Last year I was tempted to count the number of various ads and then do the calculations you did to see what the revenue they generated was.  My guess is that the 5-Star program is paying 5280 magazine something to participate since there is a significant additional cost to print a much-larger magazine – but at the same time, these lists for Realtors, doctors and other professionals surely drives traffic to the 5280 site and sells some copies of the magazine too.  

It’s been more than three years since I received the "award" the first time.  At that time I did have a brief conversation with the 5-Star representative, which may have been an interview of sorts, but that has not occurred again for the two subsequent "awards" as far as I can remember.  I'm pretty sure that the subsequent calls were solely sales calls. The first year, I asked who nominated me and I'm certain that I never heard who it was because I would have mailed them a thank you card – and I often wonder who nominated me and what the selection criteria was.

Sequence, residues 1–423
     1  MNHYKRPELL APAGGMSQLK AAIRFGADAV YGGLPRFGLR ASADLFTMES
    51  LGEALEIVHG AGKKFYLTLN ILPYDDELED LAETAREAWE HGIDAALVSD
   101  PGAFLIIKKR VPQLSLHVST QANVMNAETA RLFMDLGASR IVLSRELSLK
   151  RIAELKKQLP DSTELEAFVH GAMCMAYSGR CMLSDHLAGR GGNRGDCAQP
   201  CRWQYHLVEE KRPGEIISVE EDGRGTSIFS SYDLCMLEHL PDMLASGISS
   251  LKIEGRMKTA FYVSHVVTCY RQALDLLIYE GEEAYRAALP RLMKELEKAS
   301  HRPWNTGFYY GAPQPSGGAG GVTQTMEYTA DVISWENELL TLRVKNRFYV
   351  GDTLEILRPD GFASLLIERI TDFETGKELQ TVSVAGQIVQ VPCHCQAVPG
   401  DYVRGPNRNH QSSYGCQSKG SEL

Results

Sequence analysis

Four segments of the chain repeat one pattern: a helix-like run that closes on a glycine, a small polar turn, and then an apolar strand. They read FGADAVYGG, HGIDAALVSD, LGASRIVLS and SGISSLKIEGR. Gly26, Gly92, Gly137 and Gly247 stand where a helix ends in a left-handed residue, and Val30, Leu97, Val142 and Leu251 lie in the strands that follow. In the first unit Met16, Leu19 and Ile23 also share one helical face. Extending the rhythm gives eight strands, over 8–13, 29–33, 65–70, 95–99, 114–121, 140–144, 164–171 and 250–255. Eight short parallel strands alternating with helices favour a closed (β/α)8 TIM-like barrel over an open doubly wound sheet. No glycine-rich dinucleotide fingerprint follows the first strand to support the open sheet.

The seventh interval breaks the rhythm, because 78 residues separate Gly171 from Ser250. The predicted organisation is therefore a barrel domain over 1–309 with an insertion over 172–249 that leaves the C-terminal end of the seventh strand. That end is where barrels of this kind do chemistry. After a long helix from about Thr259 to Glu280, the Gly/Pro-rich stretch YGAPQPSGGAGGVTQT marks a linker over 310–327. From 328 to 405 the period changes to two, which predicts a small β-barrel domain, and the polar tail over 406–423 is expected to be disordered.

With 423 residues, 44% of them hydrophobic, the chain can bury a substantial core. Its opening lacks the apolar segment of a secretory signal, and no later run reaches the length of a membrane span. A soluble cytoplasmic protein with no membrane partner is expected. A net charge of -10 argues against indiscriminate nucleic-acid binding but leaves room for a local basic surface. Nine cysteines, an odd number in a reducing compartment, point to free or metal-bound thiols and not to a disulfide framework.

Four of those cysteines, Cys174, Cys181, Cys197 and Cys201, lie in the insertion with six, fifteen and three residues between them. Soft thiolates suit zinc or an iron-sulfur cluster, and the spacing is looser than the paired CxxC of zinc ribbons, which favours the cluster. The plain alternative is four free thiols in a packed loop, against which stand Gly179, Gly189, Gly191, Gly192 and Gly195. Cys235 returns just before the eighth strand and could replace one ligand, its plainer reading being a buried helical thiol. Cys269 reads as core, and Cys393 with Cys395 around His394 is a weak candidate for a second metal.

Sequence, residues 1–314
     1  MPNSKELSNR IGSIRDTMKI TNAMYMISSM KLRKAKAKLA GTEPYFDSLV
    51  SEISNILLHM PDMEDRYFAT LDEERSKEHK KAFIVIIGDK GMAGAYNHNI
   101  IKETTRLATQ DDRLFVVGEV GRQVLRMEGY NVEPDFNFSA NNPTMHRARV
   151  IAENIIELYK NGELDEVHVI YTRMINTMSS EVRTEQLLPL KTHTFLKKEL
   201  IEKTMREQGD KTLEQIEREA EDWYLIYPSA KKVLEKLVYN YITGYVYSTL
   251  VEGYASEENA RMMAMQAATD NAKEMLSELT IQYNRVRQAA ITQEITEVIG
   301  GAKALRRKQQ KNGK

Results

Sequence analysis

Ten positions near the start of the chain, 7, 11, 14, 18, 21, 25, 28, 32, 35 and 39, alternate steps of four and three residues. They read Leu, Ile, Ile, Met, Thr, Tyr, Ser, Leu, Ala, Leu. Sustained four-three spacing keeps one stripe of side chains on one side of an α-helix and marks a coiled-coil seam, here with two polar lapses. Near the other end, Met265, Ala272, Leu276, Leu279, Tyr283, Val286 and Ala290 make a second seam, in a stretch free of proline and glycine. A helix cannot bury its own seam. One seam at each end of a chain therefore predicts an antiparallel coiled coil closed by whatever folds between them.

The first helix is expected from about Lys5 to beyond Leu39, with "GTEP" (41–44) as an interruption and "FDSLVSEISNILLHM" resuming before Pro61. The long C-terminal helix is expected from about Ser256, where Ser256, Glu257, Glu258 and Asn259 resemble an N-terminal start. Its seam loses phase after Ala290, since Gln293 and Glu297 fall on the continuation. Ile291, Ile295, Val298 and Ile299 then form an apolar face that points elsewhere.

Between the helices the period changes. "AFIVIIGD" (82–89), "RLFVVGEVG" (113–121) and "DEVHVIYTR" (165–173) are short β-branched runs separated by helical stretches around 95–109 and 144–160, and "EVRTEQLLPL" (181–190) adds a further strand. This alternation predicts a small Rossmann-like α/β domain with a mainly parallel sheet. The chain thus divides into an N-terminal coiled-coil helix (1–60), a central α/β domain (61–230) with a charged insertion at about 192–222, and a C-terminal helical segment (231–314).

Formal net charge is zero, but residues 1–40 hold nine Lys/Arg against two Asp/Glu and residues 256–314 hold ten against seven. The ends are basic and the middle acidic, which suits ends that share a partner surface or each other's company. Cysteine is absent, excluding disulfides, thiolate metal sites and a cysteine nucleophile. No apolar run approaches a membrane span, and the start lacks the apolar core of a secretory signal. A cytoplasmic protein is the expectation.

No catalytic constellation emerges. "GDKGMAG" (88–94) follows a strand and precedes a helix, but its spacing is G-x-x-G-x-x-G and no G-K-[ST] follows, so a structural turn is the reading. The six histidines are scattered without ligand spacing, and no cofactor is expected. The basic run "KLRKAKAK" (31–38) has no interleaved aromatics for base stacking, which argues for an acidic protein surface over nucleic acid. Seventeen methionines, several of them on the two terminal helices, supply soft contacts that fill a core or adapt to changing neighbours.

I have REALLY wished that there was a better resource for information for prospective Buyers and Sellers to easily turn to for objective information and it appears that QSC will do that – and I'll put that on my e-mail footer.  And, I intend to participate.  If that information was more easily available, I think that the choices people make about who they chose to represent them would be significantly different. 

Interestingly – and maybe it’s sad — when I've mentioned in conversations or on e-mail footers my various accomplishments and designations, the one that gets the most attention, or "congratulations" comments is the 5-Star program!  The fact that I'm a part of the Realtor Roundtable, various fairly-impressive designations for repeatedly making RE/MAX's Platinum Club, consistently doing 50+ transactions a year, my volunteer work, etc., don’t command as much attention…   

Scott Matthias, RE/MAX Professionals:

I never have bought much into the 5280 Five Star Professional rating.  I have done QSC now for 3 years and feel it is the best rating service out there!  It is a true 3rd party getting our clients true opinion of our service!